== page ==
NZ joining battle to raise awareness around use of antibiotics

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Dr John Wyeth from PHARMAC says they are charged with getting the best possible health outcomes for New Zealanders from the public medicines budget - and antimicrobial resistance could undermine that.

As World Antibiotic Awareness Week began on Monday, the United Nations, through its Food and Agriculture Organization (FAO), the World Health Organization (WHO) and the World Organisation for Animal Health (OIE), called for responsible use of antibiotics in humans and animals to reduce the emergence of antibiotic resistance.

Think twice and seek advice from a health care professional before taking antibiotics.

Antibiotics are a valuable and powerful tool in keeping people well - but inappropriate use is causing a growth in antimicrobial resistance, undermining the effectiveness of antibiotics and threatening common medical treatments and surgery.

"This means standard treatments for a variety of relatively common infections are becoming ineffective", Baker said.

You can read about the Antimicrobial Resistance Action Plan at New Zealand Antimicrobial Resistance Action Plan.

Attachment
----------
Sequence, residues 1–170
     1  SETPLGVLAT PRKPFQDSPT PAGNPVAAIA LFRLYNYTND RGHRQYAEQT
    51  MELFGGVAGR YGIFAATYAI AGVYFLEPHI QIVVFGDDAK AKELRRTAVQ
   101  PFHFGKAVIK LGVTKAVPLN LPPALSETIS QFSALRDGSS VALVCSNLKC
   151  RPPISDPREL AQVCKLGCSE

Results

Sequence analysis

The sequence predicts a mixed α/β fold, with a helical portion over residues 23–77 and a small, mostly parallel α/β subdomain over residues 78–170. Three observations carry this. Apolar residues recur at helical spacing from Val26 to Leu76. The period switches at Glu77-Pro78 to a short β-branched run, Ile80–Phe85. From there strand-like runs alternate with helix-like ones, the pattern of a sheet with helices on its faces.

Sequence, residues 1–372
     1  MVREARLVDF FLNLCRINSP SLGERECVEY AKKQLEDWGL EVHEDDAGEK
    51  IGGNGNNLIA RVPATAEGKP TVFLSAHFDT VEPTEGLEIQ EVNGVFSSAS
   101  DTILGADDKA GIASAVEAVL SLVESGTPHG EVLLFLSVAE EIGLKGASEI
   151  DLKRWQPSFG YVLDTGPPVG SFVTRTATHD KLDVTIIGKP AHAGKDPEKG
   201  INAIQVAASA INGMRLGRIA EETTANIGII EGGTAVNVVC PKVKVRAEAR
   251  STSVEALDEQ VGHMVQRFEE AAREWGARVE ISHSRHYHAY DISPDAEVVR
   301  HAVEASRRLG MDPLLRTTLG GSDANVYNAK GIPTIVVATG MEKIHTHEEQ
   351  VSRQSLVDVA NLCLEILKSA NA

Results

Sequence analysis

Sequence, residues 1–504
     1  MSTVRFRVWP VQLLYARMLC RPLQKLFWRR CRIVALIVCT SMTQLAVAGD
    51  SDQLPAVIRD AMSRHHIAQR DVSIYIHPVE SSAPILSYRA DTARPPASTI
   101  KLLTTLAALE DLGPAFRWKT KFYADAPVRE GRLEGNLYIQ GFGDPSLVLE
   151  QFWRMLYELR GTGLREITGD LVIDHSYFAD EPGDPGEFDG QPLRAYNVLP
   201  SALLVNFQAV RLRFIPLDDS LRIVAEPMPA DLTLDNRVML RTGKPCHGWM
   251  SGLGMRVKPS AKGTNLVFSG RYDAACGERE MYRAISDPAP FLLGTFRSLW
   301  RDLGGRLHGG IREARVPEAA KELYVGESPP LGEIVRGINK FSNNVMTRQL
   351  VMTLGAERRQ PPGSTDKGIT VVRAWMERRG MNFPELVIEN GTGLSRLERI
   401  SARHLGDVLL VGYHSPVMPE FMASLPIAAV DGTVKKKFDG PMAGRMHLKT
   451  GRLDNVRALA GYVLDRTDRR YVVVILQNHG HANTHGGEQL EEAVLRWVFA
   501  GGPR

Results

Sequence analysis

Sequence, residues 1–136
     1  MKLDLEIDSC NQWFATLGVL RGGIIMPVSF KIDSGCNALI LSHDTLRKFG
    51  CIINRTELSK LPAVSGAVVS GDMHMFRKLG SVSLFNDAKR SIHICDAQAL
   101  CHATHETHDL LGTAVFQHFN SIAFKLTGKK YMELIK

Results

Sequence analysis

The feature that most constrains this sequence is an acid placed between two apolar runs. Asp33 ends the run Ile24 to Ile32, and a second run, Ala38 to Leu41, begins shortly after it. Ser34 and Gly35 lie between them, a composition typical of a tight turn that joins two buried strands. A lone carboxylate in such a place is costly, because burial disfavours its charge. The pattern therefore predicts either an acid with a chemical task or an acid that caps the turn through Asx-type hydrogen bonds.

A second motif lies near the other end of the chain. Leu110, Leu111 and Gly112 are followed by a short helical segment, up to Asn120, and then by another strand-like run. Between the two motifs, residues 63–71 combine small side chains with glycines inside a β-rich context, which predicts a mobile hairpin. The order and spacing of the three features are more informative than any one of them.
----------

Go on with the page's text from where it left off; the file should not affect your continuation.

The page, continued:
The collaborative effort between doctors, pharmacists, microbiologists, infection prevention specialists, nurses and other healthcare professionals plays a critical role in driving and influencing the implementation of the hospital antimicrobial resistance strategy.


"Students at BYU-Idaho are partly involved in solving this antibiotic crisis by searching for new antibiotics in the soil around campus", Kelson said.

Dr Prateek Sharma, who did much of the experimental work, added: "The resistance mechanisms that we identified are found in many different species of bacteria therefore, our research could lead to the discovery of molecules that could be developed into new drugs that can treat bacterial infections". Millions of people owe their health to the healing power of antibiotics.

Although rates of AMR were low in NZ, there had been a "progressive increase" in recent years.

"Like in human health, veterinary medicine has tremendously progressed thanks to antibiotics".

The college says more must be done to prevent infections at all levels, from community settings to travel and in healthcare settings.

"In addition to the AMS Programme, stringent infection prevention and control programmes are also in place to assist in the effective management of AMR", explains Soko.

"This is where most of the important resistant pathogens and the mobile genetic elements they contain have disseminated internationally".

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